However, Bruce had a better life than most of the people I work with. He had a supportive wife and two young children whom he loved, and he had a well paying job that he enjoyed a lot that he was able to do well in spite of his illness. I guessed that there were other factors besides his illness that were contributing to his depression, so I asked Bruce a few questions about different areas of his life, including his childhood. Without hesitation, but in a detached way, Bruce told me that his father was killed in an accident before he was born.

As he told me his story, I got a strong sense that a lot of Bruce’s depression came from his early childhood. It would sure be understandable if it did. Most families look forward to the birth of a baby, but Bruce’s mother was overwhelmed and grieving from the loss of her husband. Life must have been very hard for both of them.

I would have liked to help Bruce heal the depression he had because of his illness and his childhood, and possibly other factors as well. I think it’s very likely that his ulcerative colitis symptoms would have improved a lot with coaching. But Bruce decided not to hire me at this time. I hope that sooner rather than later he gets the help he needs so that he can have the happiness he wants.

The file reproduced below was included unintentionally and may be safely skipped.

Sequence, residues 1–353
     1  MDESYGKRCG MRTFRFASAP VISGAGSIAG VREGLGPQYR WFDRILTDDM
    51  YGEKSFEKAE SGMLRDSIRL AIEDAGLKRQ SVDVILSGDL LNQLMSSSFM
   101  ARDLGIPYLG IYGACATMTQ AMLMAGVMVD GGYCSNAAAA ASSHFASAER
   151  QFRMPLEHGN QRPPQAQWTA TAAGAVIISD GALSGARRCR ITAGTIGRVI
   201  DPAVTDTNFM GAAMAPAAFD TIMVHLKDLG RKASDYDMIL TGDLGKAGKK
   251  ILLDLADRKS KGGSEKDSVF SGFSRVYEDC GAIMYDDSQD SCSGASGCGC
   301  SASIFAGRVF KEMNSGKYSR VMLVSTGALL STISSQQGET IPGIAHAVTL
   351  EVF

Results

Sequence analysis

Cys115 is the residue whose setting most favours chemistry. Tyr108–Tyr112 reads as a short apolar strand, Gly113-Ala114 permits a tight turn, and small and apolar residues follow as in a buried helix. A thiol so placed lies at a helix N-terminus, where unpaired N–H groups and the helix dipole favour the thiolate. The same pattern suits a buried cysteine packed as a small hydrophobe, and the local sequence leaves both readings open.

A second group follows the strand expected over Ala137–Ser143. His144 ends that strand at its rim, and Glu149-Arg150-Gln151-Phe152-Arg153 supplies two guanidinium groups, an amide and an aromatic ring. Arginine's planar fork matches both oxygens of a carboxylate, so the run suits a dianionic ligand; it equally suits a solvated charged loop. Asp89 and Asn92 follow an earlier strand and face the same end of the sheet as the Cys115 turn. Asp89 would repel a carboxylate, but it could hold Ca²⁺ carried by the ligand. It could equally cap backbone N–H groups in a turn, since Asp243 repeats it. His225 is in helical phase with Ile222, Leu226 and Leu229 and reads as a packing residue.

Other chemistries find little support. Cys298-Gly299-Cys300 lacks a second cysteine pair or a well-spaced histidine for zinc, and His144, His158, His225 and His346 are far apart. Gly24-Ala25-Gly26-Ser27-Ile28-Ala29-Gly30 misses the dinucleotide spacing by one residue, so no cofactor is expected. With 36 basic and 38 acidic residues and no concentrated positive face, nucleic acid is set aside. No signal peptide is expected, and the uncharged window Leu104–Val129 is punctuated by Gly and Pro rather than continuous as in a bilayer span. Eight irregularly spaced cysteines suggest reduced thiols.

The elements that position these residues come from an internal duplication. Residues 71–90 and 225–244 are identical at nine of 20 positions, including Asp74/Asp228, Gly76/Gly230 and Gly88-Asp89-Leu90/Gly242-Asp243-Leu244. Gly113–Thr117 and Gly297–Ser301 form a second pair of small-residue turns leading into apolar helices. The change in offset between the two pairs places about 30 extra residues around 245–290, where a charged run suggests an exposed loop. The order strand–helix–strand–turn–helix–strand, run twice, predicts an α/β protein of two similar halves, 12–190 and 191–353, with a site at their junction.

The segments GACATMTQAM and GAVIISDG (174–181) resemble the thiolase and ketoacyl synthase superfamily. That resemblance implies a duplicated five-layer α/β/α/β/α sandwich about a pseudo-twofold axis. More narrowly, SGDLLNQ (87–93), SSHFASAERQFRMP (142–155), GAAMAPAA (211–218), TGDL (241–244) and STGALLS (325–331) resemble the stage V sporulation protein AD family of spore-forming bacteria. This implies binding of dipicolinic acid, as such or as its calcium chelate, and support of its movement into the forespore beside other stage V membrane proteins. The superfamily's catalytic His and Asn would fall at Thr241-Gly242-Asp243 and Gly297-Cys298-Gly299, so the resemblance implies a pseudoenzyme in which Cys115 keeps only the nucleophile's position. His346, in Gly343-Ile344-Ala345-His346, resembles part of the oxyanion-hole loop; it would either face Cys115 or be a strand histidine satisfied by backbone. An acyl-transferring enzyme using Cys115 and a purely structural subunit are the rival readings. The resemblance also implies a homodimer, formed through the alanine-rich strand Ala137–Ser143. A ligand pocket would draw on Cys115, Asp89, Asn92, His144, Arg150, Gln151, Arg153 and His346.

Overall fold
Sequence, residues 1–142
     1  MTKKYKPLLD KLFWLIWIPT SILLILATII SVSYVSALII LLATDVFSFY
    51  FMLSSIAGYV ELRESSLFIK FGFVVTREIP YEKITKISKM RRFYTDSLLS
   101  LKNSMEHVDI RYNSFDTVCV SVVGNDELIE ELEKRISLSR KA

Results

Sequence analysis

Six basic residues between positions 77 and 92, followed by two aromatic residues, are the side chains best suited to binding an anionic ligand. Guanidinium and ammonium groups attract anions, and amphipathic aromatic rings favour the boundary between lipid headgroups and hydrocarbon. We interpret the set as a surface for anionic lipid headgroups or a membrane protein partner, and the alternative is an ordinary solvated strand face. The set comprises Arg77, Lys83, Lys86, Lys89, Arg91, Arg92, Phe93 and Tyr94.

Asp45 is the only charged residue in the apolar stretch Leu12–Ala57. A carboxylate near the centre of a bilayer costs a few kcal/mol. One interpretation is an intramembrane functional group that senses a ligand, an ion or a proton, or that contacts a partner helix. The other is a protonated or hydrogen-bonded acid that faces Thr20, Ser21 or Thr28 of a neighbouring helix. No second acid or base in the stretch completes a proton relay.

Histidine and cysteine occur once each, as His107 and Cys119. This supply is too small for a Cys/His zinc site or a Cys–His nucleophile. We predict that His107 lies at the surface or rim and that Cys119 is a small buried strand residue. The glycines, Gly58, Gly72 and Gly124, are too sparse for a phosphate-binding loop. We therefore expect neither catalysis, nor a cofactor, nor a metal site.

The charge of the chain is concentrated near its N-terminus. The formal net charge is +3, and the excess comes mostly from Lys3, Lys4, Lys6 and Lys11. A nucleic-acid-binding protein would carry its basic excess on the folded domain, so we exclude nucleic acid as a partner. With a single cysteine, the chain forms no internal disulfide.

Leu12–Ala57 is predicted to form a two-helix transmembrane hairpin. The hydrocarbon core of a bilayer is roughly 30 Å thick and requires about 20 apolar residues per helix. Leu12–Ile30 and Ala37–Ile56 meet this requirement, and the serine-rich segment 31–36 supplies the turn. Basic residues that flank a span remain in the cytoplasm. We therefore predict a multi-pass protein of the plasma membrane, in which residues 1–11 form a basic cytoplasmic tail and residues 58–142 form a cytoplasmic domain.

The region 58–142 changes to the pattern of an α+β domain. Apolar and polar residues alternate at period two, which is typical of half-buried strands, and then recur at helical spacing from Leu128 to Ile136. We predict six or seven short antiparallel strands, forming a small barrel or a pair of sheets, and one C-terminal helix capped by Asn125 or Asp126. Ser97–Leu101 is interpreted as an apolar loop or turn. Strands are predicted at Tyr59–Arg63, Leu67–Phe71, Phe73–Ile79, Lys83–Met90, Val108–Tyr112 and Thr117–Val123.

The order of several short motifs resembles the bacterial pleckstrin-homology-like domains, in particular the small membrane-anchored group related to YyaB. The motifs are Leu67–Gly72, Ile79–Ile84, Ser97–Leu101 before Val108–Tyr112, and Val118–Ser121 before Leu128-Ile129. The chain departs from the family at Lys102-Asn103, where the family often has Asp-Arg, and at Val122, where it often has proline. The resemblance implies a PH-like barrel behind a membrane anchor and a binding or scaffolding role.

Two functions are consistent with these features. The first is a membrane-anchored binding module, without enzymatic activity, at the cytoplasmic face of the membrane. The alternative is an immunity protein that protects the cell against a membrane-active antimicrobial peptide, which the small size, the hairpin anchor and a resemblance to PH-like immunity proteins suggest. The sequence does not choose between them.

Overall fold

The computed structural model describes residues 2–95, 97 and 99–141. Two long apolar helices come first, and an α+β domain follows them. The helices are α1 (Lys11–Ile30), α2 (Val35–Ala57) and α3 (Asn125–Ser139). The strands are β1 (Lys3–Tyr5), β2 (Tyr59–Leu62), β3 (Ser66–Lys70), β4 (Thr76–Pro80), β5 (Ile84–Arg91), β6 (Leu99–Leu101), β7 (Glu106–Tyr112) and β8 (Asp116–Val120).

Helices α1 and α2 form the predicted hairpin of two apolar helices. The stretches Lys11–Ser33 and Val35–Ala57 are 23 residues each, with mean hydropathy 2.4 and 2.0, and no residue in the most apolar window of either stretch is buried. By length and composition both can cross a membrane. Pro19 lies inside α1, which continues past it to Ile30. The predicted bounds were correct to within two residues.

What To Do When It Hurts To Play With and Even Hold Your Children – Part 2

Tuesday, August 4th, 2009

In my last post I shared with you the suggestions I had given to a woman with two young children who, because of her illness often feels shock waves of pain throughout her body when her children touch her ( here’s the link to that post). Donna recently replied to my email and told me more about her situation.

She said that her daughter (she has a boy and a girl) has a serious, painful medical condition and may need major surgery. On top of that, Donna recently injured her back at work and she and her family are facing the possibility that her husband’s job may be eliminated. But she made it clear that what was upsetting her the most was the fact that physical contact with her children, contact that she wanted to have and knew they needed, caused her tremendous pain.

After reading Donna’s email, I had a couple of additional suggestions that I shared with her. I told her that it was clear to me that she was a very caring and compassionate mother who would do anything she could for her daughter. Then I said that given that she was very compassionate, I wanted her to look in the mirror and have lots and lots of compassion for the person she saw, since that person is someone’s daughter and she needs and deserves much compassion.

I also told Donna that for what she did for her children everyday in spite of her own illness and pain, she deserved a Medal of Valor. I said that maybe her husband would get her one if she showed him my email, but if not, she should get one for herself. Then once she got it, she should hang it on the wall so that she doesn’t forget what a heroine she really is.

If she follows my suggestion, and I hope she does, I’m going to ask her to send me a picture of her medal so I can add it to this post.